Use Any Pocket Recorder As An EMG

Read on for instructions on making a simple buffer so you can use any WAV-capable recorder, instead of shelling out for a Zoom.

The whole reason for using the Zoom H4N was because it had a high input impedance (2MOhm) on the 1/4″ jacks. This means that it could pick up even an incredibly low-power signal… the Zoom’s 1/4″ inputs are light and nimble like a sheet of paper, whereas most recorders’ inputs are more like a plank of wood.

The problem is the Zoom recorder is expensive: several hundred Euros (or dollars) at least, and it’s not so easy to find in shops.

On the other hand, 100 Euros will get you a quite functional 44kHz/16bit PCM WAV recorder, just about anywhere.

So how can you make that 44/16 PCM WAV recorder light and nimble like the Zoom?

Make a buffer. A buffer is just an amplifer that doesn’t amplify: you use an amplifier chip (which has very high-impedance inputs), and leave out some parts that tell it to amplify the signal. Since the signal goes through the amplifier chip nevertheless, the low-impedance ‘plank of wood’ recorder isn’t getting pushed around by the fragile EMG signal anymore. It’s getting pushed around by the strong output stage of the amplifier chip.

(The chip doesn’t need to amplify because the recorder is already designed to pick up low-voltage signals. In fact, I had to add some resistors to the output to REDUCE the signal level coming into my recorder! I left those out here for simplicity, but it’s not hard. Look up a “voltage divider” if you want to try it. Just be sure to use fairly low-value resistors — between 100 and 1000 ohms probably — so the amp can still drive the recorder’s input stage whatever its impedance is.)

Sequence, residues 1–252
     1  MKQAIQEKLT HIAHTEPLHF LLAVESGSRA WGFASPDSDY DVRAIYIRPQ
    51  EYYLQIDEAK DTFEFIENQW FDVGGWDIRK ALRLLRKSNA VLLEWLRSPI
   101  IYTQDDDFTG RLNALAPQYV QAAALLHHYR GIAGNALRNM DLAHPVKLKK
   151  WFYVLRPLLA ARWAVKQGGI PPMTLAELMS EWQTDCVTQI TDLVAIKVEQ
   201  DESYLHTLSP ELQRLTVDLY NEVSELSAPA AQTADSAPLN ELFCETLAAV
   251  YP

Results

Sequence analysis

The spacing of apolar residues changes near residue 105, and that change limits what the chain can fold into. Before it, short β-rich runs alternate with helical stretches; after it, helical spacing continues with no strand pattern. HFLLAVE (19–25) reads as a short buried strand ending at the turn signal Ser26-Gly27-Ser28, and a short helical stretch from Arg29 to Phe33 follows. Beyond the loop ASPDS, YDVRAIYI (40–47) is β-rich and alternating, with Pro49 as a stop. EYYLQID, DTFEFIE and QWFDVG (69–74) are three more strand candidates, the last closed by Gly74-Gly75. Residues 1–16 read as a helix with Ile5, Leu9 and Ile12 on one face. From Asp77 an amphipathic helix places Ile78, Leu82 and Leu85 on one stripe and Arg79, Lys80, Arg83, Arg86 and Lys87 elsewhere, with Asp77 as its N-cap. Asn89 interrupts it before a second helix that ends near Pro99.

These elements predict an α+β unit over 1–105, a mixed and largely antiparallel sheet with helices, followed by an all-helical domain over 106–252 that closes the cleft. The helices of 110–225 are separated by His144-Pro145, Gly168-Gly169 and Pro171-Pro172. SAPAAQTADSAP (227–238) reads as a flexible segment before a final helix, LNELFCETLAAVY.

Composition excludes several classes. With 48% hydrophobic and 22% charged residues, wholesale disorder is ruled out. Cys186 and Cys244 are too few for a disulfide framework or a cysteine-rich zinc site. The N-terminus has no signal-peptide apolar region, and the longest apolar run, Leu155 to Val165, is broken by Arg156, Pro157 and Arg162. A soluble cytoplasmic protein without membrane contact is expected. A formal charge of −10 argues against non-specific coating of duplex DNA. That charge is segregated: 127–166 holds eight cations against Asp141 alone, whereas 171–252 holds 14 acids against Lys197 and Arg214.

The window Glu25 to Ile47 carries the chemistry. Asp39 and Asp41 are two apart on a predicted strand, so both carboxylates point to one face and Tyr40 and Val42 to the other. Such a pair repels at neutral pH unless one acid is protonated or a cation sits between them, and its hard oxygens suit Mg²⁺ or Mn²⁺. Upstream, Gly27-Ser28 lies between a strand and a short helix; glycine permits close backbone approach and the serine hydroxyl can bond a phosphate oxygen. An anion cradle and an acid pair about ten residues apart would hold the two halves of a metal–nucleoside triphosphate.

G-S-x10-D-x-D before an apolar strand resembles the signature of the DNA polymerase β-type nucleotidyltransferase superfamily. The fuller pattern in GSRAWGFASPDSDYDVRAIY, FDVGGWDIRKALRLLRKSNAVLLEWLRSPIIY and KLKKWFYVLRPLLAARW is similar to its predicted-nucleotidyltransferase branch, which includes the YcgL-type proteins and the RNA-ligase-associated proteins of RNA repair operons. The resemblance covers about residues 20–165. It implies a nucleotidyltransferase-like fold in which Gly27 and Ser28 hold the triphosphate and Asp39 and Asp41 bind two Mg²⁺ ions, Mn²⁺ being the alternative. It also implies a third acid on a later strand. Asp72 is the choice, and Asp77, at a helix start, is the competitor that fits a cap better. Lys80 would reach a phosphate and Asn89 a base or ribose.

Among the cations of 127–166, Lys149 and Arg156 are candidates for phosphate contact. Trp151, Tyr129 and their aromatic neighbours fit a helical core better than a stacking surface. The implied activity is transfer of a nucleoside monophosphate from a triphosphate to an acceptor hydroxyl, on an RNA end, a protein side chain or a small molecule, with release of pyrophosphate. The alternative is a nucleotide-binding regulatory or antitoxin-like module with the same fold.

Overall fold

The amplifier chip I used for this is the LM358, a really cheap chip you can get anywhere. It’s not perfect, so if you zoom in really close on a high-frequency signal you’ll see “ringing” and “overshoot”, but that doesn’t matter too much for our purposes. And ringing and overshoot can even help you analyze a signal that’s too fast for the recorder to capture otherwise — the worse the ringing is, the faster the signal was!

Apart from the chip, you’ll need two 4.7K resistors, two 2M ohm resistors (you can make a 2M ohm resistor by putting two 1M ohm resistors back-to-back), some capacitors, a 9V battery clip, and some audio jacks. You’ll also need some prototyping circuit board — get the kind with the little copper doughnuts around each hole, not the kind with strips.

(Instead of audio jacks, you can get a headphone extension cable — the kind with a jack and a plug — and cut it in half. Solder the wires from the jack half to the board where the input jack would go, and solder the wires from the plug half where the output jack would go. This means you don’t have to mess about plugging and unplugging another cable from the buffer to the recorder.

Even better still is if you put SMA or MCX plugs on the end of the RG-174 cable from the electrodes, and then solder short lengths of RG-174 with SMA or MCX jacks on them to the board.)

You’ll also probably want some kind of metal box or enclosure for the buffer, and you’ll want to connect a wire from the enclosure to ‘ground’ on the circuit. (I’d suggest the ground at the input jack.) This can be anything — I wrapped the board in wax paper, and then covered that in adhesive foil, with a wire running from the foil to ground. The idea is to keep radio interference and things like that out of the circuit: the whole point is that it’s sensitive.

Here’s the schematic as well as one way of arranging the parts on the board and wiring them up.


Strange signal

I’ve been making good progress on tracking down and eliminating unwanted interference like this… we’ll see if my current solutions (mostly shielding) hold up longer term.